Updated 9:30 p.m. Eastern with additional comments.

WASHINGTON — The Biden administration’s fiscal year 2023 budget proposal seeks nearly $26 billion for NASA, with increases for exploration, Earth science and space technology.

Budget documents released by the White House’s Office of Management and Budget (OMB) March 28 showed the administration is seeking $25.974 billion for the agency, an increase of $1.93 billion, or 8%, over the $24.041 billion the agency received in the final fiscal year 2022 omnibus spending bill earlier this month.

NASA budget documents released shortly after the White House revealed few major new initiatives. Instead, funding would be increased to support ongoing initiatives, from the Artemis lunar exploration effort to science missions and space technology.

“It’s a signal of support of our missions and a new era of exploration and discovery,” NASA Administrator Bill Nelson said in a “State of NASA” speech about the budget March 28 at the Kennedy Space Center.

The agency is seeking more than $2.4 billion for Earth science, an increase of nearly $350 million from what it received for 2022. Much of that increase would go to support work on the Earth System Observatory, a series of missions intended to implement recommendations of the Earth science decadal survey.

In planetary science, NASA’s Mars Sample Return would get $822.2 million, up from $653 million in 2022. The budget proposal confirms plans to split the Sample Retrieval Lander into two separate landers and delay their launch from 2026 to 2028.

The budget proposal also confirms a cost overrun for the Europa Clipper mission. The cost of the mission has increased by $703 million, to approximately $5 billion, to accommodate impacts from the pandemic and anticipated higher operations, or Phase E, costs later in the mission.

“I have no joy in telling you that we need more money for Phase E,” Thomas Zurbuchen, NASA associate administrator for science, said at a March 21 meeting of the Space Studies Board, but that it was important to ensure the science from the mission. “We’re nowhere near out of the woods on this one yet.”

Those cost increases will have effects on other missions. NASA said it no longer plans to provide funding for the International Mars Ice Mapper mission, a Mars orbiter NASA was to develop in partnership with several other nations, including Canada, Italy and Japan. “Due to the need to fund higher priorities, including to cover cost growth expected from the Mars Sample Return mission, the budget terminates NASA financial support for the Mars Ice Mapper,” the budget document states.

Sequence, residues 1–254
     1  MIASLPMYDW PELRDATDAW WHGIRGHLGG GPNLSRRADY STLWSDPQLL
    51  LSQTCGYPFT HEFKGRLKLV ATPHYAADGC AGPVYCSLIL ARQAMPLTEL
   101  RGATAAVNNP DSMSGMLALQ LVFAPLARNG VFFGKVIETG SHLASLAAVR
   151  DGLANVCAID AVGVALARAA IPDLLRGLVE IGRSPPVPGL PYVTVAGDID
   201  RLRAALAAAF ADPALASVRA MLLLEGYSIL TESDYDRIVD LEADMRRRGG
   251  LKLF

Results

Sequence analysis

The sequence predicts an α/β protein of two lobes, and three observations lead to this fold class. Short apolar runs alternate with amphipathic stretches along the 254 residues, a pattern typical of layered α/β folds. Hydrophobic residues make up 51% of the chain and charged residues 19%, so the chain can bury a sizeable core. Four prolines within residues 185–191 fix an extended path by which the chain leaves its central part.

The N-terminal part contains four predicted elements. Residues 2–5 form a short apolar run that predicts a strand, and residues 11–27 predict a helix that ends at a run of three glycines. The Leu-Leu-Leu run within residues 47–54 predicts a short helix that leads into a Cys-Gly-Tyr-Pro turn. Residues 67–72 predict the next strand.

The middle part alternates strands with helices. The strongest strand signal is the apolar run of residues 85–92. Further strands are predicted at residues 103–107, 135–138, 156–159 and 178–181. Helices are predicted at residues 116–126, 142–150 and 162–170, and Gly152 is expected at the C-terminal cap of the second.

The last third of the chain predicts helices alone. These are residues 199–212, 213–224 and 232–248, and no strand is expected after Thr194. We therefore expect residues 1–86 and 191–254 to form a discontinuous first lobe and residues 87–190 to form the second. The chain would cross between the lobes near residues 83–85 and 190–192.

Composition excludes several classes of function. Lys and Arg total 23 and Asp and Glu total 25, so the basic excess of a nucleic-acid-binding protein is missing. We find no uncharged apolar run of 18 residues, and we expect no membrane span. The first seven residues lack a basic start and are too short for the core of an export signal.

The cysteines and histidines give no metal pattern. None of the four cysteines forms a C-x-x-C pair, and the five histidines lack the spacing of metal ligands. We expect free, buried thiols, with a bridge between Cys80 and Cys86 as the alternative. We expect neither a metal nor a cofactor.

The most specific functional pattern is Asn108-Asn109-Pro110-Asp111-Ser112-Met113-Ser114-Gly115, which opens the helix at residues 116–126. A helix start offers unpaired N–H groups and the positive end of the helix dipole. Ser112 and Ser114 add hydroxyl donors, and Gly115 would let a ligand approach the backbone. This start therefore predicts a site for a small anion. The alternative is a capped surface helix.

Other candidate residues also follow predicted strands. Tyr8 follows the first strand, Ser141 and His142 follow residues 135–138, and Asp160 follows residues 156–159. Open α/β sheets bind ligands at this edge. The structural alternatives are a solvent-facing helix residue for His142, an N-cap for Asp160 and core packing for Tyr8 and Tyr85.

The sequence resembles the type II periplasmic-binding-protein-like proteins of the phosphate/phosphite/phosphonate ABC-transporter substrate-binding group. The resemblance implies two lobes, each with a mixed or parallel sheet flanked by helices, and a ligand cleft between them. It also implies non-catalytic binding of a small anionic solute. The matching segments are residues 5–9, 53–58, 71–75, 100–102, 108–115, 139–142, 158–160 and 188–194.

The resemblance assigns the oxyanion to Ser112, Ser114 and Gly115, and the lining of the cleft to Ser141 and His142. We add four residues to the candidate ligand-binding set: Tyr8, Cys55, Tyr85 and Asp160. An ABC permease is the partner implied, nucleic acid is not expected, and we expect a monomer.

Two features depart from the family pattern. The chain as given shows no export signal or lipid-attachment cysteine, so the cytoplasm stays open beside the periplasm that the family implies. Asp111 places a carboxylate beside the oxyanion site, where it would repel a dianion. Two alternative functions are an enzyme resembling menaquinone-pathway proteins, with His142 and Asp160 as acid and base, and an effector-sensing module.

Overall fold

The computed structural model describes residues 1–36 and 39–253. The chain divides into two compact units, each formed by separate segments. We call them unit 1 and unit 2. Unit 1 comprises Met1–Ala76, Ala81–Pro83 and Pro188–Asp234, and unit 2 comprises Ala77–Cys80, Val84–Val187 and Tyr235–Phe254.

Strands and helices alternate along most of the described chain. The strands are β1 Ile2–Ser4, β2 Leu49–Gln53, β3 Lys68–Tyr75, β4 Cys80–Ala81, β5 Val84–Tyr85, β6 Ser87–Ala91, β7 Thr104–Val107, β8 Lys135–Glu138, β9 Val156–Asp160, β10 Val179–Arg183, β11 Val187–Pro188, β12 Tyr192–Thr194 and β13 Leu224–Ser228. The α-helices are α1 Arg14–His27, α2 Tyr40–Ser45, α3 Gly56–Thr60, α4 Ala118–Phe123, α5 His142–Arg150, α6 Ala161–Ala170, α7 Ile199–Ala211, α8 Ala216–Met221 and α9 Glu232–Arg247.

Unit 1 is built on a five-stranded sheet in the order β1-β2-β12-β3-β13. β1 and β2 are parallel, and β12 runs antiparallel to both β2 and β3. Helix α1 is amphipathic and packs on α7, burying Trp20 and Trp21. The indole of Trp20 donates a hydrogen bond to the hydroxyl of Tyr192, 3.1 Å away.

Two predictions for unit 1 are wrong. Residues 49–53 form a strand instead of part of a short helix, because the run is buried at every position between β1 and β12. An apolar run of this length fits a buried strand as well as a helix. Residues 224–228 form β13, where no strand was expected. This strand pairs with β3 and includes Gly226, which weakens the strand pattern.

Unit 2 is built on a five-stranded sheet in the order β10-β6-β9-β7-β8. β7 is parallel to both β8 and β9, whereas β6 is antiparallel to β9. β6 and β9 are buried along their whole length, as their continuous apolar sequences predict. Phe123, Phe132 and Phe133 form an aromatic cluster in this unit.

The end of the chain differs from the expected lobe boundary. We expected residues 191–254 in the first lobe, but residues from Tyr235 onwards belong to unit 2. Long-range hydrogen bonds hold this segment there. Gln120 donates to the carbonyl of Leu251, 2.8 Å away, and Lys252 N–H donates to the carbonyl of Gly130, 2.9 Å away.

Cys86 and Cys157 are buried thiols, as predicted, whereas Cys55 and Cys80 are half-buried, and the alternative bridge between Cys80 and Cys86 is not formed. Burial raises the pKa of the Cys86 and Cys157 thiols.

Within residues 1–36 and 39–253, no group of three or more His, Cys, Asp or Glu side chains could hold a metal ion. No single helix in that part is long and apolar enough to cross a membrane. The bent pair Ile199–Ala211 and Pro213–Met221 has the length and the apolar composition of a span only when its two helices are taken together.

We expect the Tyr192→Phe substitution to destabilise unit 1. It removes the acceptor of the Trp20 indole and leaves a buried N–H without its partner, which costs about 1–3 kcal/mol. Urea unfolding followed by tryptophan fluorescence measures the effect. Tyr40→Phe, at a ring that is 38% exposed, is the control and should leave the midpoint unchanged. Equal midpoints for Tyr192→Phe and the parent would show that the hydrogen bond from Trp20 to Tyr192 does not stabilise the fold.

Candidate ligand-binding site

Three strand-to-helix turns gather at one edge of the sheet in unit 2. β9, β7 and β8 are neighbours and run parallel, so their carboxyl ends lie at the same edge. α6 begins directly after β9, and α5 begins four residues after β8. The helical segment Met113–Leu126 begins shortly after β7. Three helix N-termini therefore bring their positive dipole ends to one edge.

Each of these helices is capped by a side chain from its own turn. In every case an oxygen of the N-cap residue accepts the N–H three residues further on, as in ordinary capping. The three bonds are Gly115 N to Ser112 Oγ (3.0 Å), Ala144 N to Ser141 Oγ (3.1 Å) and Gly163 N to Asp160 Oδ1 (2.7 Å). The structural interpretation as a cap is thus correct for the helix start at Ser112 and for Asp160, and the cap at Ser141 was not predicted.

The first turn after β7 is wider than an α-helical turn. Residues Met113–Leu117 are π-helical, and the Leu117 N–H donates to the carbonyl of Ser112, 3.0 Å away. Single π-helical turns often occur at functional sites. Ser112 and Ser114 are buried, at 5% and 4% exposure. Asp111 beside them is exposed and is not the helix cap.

The budget for the mission had been modest since NASA was not providing hardware for the mission but instead handling missing management: NASA projected spending $40 million a year on the mission in 2023 and 2024, and $30 million a year in 2025 and 2026, in its 2022 budget proposal.

NASA will also delay development of the Near Earth Object Surveyor Mission, a space telescope to look for near Earth objects that could pose an impact threat to the Earth. NASA said it’s delaying the launch of the mission by two years, to 2028, because of cost growth in other planetary programs. “The Mars Sample Return and Europa Clipper missions are experiencing cost growth and will continue to place pressure on other parts of the Planetary Science portfolio,” the budget document states.

As in other recent budget requests, NASA is proposing the terminate the Stratospheric Observatory for Infrared Astronomy (SOFIA), an airborne observatory. “SOFIA’s annual operations budget is the second-most expensive operating mission in Astrophysics, yet the science productivity of the mission is not commensurate with other large science missions,” the budget document states, adding that the most recent astrophysics decadal survey recommended shutting down SOFIA by 2023. Congress has restored funding for SOFIA in past efforts by NASA to end the project.